at-risk rules

At-Risk Rule

In tax law, a rule disallowing investors from deducting more investment money from their taxable income than they have actually invested. For example, if one places $10,000 in a stock and would otherwise derive $15,000 in tax deductions from the investment, the at-risk rule only allows the investor to deduct $10,000. The rule exists to prevent a person from investing in a way that avoids taxes excessively.

at-risk rules

IRS rules limiting the deductibility of some losses, which are not allowed to exceed the amount the taxpayer has at risk,meaning the total of cash contributions and liability on promissory notes.Under certain circumstances,nonrecourse loans secured by real property but not by the individual's guarantee or endorsement may still satisfy the at-risk rules.(For more guidance,go to IRS Web site www.irs.gov and download IRS Publication 925,“Passive Activity and At Risk Rules.”)

At-Risk Rules

Special rules limiting the taxpayer's deductible business, partnership, S corporation, or real estate loss to cash invested plus debt he or she is legally obligated to pay and the adjusted basis of any property contributed.
References in periodicals archive ?
Under paragraph 111(1)(e) limited partnership losses that cannot be deducted against other sources of income because of the at-risk rules can generally be carried forward indefinitely and claimed against future limited partnership income.
The passive activities and at-risk rules provide hurdles that taxpayers must overcome in order for certain losses to offset other sources of income in a given year.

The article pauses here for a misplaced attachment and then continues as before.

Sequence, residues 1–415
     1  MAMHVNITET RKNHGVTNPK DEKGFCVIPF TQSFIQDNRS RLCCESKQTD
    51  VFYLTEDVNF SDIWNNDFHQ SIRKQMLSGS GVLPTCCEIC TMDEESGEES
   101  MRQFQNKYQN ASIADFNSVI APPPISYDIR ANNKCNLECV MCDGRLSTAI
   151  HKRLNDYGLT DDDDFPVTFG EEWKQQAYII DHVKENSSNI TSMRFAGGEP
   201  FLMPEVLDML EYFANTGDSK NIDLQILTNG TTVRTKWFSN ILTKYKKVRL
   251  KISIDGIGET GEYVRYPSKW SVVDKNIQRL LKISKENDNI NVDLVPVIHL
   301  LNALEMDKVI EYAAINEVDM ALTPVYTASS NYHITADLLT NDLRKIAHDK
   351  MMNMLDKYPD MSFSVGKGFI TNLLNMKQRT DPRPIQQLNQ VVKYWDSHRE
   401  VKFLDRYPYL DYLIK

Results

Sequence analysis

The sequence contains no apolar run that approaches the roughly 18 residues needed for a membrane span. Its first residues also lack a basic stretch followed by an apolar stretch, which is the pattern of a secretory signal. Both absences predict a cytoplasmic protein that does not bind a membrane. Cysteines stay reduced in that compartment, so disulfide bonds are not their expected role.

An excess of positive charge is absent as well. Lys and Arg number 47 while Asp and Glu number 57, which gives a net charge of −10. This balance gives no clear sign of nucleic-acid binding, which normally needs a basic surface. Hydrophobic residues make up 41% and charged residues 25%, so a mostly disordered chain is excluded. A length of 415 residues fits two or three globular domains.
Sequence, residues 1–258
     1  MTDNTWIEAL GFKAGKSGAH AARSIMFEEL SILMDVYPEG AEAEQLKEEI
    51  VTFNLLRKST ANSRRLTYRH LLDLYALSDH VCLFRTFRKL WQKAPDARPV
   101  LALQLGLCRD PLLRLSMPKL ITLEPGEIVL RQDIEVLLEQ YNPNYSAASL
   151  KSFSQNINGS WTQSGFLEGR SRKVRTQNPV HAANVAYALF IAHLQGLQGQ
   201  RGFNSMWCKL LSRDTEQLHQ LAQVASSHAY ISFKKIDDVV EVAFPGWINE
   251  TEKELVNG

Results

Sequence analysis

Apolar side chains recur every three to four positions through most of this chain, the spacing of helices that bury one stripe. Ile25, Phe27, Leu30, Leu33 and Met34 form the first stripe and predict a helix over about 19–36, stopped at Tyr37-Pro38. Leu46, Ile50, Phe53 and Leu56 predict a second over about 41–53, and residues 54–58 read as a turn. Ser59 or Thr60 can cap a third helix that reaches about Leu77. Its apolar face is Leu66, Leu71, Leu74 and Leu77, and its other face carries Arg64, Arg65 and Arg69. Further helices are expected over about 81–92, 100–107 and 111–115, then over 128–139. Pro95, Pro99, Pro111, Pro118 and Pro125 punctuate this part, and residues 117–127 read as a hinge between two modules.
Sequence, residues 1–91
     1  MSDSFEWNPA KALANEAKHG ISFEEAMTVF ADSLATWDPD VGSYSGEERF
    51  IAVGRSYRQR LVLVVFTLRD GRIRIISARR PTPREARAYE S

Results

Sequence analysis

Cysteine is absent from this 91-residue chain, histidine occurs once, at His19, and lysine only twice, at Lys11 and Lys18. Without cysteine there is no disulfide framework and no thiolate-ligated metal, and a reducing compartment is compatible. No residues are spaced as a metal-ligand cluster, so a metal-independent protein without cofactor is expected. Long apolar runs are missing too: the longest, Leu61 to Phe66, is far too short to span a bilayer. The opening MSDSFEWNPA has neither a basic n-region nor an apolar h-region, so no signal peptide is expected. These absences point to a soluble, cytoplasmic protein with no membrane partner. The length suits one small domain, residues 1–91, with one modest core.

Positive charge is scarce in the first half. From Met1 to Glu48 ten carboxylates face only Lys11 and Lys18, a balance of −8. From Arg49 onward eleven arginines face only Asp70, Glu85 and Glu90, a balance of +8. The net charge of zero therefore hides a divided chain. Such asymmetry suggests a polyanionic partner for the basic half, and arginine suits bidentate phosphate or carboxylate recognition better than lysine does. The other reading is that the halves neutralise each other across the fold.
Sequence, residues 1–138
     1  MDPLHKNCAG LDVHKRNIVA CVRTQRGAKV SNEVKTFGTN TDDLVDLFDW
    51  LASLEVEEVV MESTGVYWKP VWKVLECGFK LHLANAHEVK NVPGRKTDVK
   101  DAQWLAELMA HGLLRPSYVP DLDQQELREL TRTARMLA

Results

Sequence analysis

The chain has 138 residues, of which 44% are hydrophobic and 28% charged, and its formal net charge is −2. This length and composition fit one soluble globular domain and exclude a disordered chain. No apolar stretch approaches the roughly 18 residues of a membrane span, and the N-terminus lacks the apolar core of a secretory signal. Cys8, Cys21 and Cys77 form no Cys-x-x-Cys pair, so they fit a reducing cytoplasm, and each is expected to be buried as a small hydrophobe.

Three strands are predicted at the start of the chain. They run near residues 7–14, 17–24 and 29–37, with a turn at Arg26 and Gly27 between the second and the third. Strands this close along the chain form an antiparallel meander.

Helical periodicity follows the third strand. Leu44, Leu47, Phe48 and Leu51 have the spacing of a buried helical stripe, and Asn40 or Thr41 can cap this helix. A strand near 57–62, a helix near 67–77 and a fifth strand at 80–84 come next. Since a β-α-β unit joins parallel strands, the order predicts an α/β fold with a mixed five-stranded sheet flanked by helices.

A beneficiary of a qualified subchapter S trust may deduct suspended losses under the at-risk rules and the passive loss rules when the trust disposes of the S corp stock.
The second limitation that may limit the current use of losses is the at-risk rules of IRC section 465.
Specifically the AMT, passive activity losses, and the at-risk rules were judged to be the most complex.
NAA/NMHC/ASHA have long urged the repeal of the overly-complicated at-risk rules arguing they are no longer needed.
In addition, the at-risk rules were extended to real estate.
The 1976 TRA at-risk rules applied to non-real estate tax shelters increase the value of both REITs and real estate corporations relative to entities holding non-real estate tax shelter assets.
At-risk rules apply to almost all other investments; they should apply to real estate as well.
The second difference between passive losses and credits is that the at-risk rules apply only to losses but not to credits.
Practitioners tend to focus on the first and last of these three and may overlook special provisions of the at-risk rules that can allow some taxpayers to recognize more of their losses sooner.
13) The at-risk rules are covered in detail in Chapter 17, Passive Activity and At-Risk Rules.